Wal-Mart Stores Inc. has enlisted another partner in its global battle with Amazon.com.
The Bentonville retailer announced late Thursday it has reached an agreement with Japan-based Rakuten Inc. on a strategic alliance that will bring the company's Kobo e-reader device and catalog of e-books and audiobooks to Wal-Mart's U.S. stores and Walmart.com later this year. In addition, the partnership will set up a new online grocery delivery service in Japan that will debut in the third quarter of 2018.
Wal-Mart Chief Executive Officer Doug McMillon said the collaboration is part of the retailer's efforts to constantly explore "new ways to make every day easier for customers."
"Rakuten is a strong e-commerce business and we're excited to collaborate with the top online shopping destination in Japan," McMillon said in a statement.
Wal-Mart will work with Rakuten Kobo, the company's Toronto-based subsidiary, to sell Kobo eReaders which are similar to Amazon's Kindle device as part of an exclusive mass retail partnership in the U.S.
The alliance puts more than 6 million e-books on Wal-Mart's website and opens what Scott Hilton, the chief revenue officer of Wal-Mart's U.S. e-commerce business, described as an "entirely new category" for its domestic assortment. E-books will be accessible through a Wal-Mart/Kobo branded app available on all iOS and Android devices, a on desktop app and on the Kobo e-readers.
Wal-Mart also will sell digital book cards in more than 4,000 stores in addition to its assortment of physical books.
"Working with Rakuten Kobo enables us to quickly and efficiently launch a full e-book and audiobook catalog on Walmart.com to provide our customers with additional choices alongside our assortment of physical books," Hilton said in a blog post on the retailer's website.
Neil Stern, senior partner with Chicago-based retail consulting firm McMillan-Doolittle, said Friday that the alliance marks another "interesting move" for Wal-Mart in its strategy to compete with Amazon.com.
"It's an increasing example of a shift in philosophy for Wal-Mart as they move to acquisition and [joint ventures] as a way to gain expertise and jump start their efforts, particularly in e-commerce," Stern said in an email. "They are no longer going it alone."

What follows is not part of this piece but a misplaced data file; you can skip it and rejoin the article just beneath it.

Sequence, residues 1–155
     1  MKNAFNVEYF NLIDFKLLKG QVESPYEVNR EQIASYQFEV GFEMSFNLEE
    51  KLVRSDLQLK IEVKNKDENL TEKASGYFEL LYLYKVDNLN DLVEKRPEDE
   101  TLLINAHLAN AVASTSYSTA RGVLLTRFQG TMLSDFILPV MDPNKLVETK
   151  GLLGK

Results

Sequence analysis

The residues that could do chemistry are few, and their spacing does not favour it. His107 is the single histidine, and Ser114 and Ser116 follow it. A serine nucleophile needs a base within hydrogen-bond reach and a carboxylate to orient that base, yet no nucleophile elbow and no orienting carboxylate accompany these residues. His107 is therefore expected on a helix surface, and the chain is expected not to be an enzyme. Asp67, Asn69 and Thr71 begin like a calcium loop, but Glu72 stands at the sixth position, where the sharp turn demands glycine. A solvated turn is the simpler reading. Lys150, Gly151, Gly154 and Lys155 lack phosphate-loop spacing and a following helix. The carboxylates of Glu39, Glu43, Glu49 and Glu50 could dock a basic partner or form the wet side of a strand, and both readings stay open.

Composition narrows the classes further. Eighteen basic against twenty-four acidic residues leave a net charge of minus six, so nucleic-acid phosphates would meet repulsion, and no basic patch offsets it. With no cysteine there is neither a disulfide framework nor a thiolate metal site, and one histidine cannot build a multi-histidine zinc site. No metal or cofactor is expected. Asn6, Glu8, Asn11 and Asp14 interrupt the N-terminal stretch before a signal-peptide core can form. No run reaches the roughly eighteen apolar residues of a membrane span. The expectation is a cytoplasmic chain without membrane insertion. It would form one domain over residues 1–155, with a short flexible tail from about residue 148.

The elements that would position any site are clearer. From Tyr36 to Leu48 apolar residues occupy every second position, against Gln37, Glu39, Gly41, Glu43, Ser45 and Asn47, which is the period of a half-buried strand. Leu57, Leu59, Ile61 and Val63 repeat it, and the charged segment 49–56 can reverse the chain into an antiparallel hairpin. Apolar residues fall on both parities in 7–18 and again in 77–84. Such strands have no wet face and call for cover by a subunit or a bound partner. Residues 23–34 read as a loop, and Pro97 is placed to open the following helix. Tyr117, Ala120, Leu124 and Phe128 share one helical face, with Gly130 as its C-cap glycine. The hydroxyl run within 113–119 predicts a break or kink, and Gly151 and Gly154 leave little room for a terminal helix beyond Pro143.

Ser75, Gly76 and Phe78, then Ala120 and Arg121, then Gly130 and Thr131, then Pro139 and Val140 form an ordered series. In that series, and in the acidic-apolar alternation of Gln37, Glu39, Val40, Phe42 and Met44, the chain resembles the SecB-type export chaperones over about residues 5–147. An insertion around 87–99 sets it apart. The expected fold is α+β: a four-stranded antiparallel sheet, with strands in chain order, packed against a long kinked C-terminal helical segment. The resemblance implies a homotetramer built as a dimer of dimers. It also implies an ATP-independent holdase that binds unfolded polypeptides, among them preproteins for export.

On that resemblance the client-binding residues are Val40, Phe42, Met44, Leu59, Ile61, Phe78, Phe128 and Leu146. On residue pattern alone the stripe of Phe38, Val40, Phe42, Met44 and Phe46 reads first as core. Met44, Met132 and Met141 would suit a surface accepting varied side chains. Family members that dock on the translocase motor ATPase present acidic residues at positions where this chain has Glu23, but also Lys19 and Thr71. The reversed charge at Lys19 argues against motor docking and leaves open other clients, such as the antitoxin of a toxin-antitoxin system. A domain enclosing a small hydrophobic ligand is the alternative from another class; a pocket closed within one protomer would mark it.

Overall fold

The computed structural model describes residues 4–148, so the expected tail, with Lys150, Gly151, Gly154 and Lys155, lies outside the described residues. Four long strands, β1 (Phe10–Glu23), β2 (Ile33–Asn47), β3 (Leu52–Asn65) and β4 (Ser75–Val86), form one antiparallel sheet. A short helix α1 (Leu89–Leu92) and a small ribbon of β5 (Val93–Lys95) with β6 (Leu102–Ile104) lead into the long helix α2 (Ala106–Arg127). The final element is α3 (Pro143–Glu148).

Wal-Mart recently formed a partnership with Google to enable voice shopping through Google Home devices, competing with Amazon's Echo. The retailer also is working with smart-lock company August Home on an in-home delivery service test in Silicon Valley. Wal-Mart has been working with Uber and other ride-hailing services for the past couple of years on grocery deliveries in select markets as well.
The move is reminiscent of Wal-Mart's relationship with Chinese e-commerce company JD.com. The retailer sold its e-commerce business to JD.com in 2016 and has been working with the online retailer on a number of initiatives since 2016, including a growing grocery delivery service.
Wal-Mart first entered the Japanese market in 2002 and currently operates about 340 stores in the country under its subsidiary, Seiyu. Rakuten will work with Seiyu to launch an online grocery service in Japan that will be known as Rakuten Seiyu Netsuper.
The new service will include fresh produce, daily consumables and items like meal kits, according to the announcement.
Carol Spieckerman, a retail consultant and president of Spieckerman Retail, said the alliance marks another "smart" alliance for Wal-Mart, one that also covers plenty of ground.
"It's a logical way for Wal-Mart to gird its business in Japan and is a significant play in the content delivery arena," Spieckerman said. "More than anything, the partnership demonstrates how comfortable Wal-Mart has become with forging and integrating complex platform partnerships."
Business on 01/27/2018
Print Headline: Retailer strikes e-book alliance